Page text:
Monday, November 7, 2011

Slutwalk Toronto Releases a Response to 'The Woman is the Nigger of the World' Sign

At the New York City Slutwalk on October 1st a woman held up the following sign which quickly lead to a storm of racism, and disagreement.

The apology in the aftermath left much to be desired.  Slutwalk Toronto decided to weigh into the discussion, based in the idea that Toronto is the home of Slutwalk, because the sexist incident that inspired the campaign occurred there.  The following is a snippet of the what the members of Slutwalk Toronto had to say.

In the past month there has been significant discussion, anger and sadness regarding an incident perpetrated by a white woman who participated in SlutWalk NYC. She carried a sign that read “Women are the [racial ‘N’ word] of the world.”

Some have used as an explanation and ‘defense’ that this quote is from a Yoko Ono and John Lennon song from the late 1960s when the intent was to draw attention to women’s maltreatment and oppression in the world. Having the ‘N’ word enmeshed in song lyrics did not make it ok then, and does not make it ok now.

When this song originally was released over 40 years ago, several women of colour and black feminists spoke out to challenge Yoko Ono and John Lennon. For instance, Pearl Cleage is cited as a black feminist who challenged this phrase as racist, saying, “If Woman is the “N” of the World, what does that make Black Women, the “N, N” of the World?” The challenges leveled at that problematic quotation then for racism still stand, and in fact, draw deep angst because that sign being displayed publicly by a white woman now makes the case that little has changed and the lack of awareness of racial oppression in protests, activism and radical statements then still permeate protest culture now.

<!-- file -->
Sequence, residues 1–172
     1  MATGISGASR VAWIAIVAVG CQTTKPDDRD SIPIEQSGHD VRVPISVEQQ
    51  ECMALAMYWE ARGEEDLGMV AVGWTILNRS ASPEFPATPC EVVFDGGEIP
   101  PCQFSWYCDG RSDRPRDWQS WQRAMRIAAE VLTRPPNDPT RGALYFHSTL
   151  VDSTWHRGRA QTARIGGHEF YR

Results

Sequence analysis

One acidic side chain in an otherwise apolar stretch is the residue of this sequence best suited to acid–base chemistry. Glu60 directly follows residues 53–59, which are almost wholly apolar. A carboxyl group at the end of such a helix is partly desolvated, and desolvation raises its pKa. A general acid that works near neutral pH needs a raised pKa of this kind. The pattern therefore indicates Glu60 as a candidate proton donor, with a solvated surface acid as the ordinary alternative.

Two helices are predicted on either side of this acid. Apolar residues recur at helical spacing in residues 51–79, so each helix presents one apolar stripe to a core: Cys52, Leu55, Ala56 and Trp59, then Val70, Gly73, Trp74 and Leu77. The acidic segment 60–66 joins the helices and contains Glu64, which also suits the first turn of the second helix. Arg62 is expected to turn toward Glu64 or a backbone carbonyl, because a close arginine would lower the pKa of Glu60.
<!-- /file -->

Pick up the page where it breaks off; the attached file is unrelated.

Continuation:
SlutWalk Toronto does not support the actions or language of this SlutWalk participant. The ‘N’ word has been used historically, and still is used culturally today, as a racial slur that has been a weapon of degradation, oppression and violence. The word in question is connected to race because of the way it has been used against marginalized people of colour, namely black people, to perpetuate hate, disrespect and racism. A few further points on this particular sign and incident:

• This was racism then. It is racism now. We do not support any white people using this racial slur or any others, no matter what point they’re hoping to make.
• This protestor’s intention may have been coming from a good place, but her actions were misguided, and are not excusable, because they perpetuate racism, entitlement to using this word, and negating the experiences of black women.
• We understand the ‘N’ word as a word that was not this protester’s word to use (or ours if we are white women), because she is not a person who this word is used against, or has a history of being oppressed by.
• Not only is this word steeped in a history of racial oppression and violence, we must never forget that racial oppression and violence are still occurring. White women – and beyond that anyone that is not black, including Yoko Ono and John Lennon – are not the people who should be making the decisions on how to use this word or how to change its meaning if that is something that people want to do. Many black women have denounced any use of this word and we support them in this.
• It is not enough to refrain from using racist language. It is imperative to call out individuals who are doing so. Within and outside of SlutWalk protesting and organizing circles, if you are witness to this type of behaviour and you’re in a safe position to do something about it, don’t stand by. At SlutWalk Toronto we commit to address and, if need be, call attention to displays of racism that we see and that are brought to our attention.
 You can read the rest of the statement here.

What did you think of the statement and do you believe that Slutwalk Toronto successfully addressed the issue of racism in Slutwalk?